Many CIOs must find themselves between a rock and a hard place when it comes to sales calls. The rock is that one of their perennial challenges is keeping abreast of technology. Where once IT was merely a backroom activity associated with accounting today it underpins the work of a wide range of people. This means that CIOs must be open to learning about a myriad of new and different products and services in the market place. However, the hard place is that with so many suppliers in the IT industry all their time could be dissipated listening to sales people.
The accepted wisdom today to deal with this challenge is to standardise the IT environment around a select group of suppliers. Unfortunately, today's CIOs do not have the luxury of their 1980s counterparts. These CIOs were able to nail their colours to the mast of a single vendor. Today's IT environment is much more complex and requires many different components working in harmony. In fact research by CIO's sister publication in the US revealed that most CIOs in the US have increased the number of vendors they regard as strategic.
Locally, this does not appear such an issue. Each year IDC's "Forecast for Management" survey asks CIOs to identify the three major challenges facing them over the next 18 months. While local CIOs acknowledge the constant challenge of keeping abreast of technology, rating it their eighth most important task, they do not seem to find much difficulty managing these suppliers or matching their claims to reality. These chores were ranked 19th and 23rd out of the 25 options presented.
Moreover, local CIOs seem quite appreciative of the advice of vendors. For several years the survey asked CIOs to identify the biggest influences on their opinions. Nearly 30 per cent of respondents identified vendors as a significant influence on their views. This is substantially above the ratings for consultants, (18 per cent), and, dare I say it, analysts (9 per cent).
Perhaps, though, local CIOs are more blunt in their appreciation of the old maxim that you pay for what you get. As the CIO (US) article argued, to establish an effective relationship with a supplier you first need to assess the level of relationship you want with them. If the supply has been a simple cash for commodity transaction it would be unreasonable to expect much of a post sale relationship. However, if you were implementing a major ERP solution or outsourcing the data centre the success of the project would be closely linked to the trust generated by the forged partnership.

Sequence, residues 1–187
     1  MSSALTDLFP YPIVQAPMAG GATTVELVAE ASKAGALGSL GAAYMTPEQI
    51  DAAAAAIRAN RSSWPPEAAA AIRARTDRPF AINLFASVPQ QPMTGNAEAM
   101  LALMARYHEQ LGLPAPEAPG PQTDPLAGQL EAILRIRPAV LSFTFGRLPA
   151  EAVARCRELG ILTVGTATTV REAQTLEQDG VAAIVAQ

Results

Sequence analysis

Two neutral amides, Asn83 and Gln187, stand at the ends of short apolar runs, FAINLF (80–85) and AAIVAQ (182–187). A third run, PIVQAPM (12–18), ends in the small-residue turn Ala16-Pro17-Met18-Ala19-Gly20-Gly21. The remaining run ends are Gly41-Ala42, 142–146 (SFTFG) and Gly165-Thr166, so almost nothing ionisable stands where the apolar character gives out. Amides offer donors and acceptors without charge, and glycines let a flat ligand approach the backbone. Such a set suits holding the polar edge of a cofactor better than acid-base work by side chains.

I recently undertook an opinion survey of IS executives. It was noticeable that there was significant consistency in the vendor qualities that attracted and alienated CIOs. Above all CIOs wanted good account management from their suppliers rather than being shunted across an endless succession of sales representatives. Similarly, they had no time for technological zealots ignorant of their business challenges.
However, the US article looked at the other side of the coin. It asked suppliers what they wanted from customers. Top of the list was respect. Suppliers stressed they wanted customers whose executive were prepared to listen to what they had to say. As one organisation put it, "If the CIO doesn't want to meet me that's an indication of the value I'm bringing to the relationship."
Perhaps, then, this is where CIOs could do the most to improve their supplier relationships. Each year "Forecast for Management" asked CIOs which individuals are represented on their IT steering committees. Despite the strategic importance of certain vendors to their operations, only three per cent of respondents invited their vendors along. However, if vendors were present they would have a better understanding of the business and its personalities. For CIOs this might enable them to kill two birds with one stone. It would entail no more time on their busy agendas yet it would show respect and help foster better relationships with their key suppliers. vPeter Hind is the manager of User Programs, which includes InTEP, at IDC Australia
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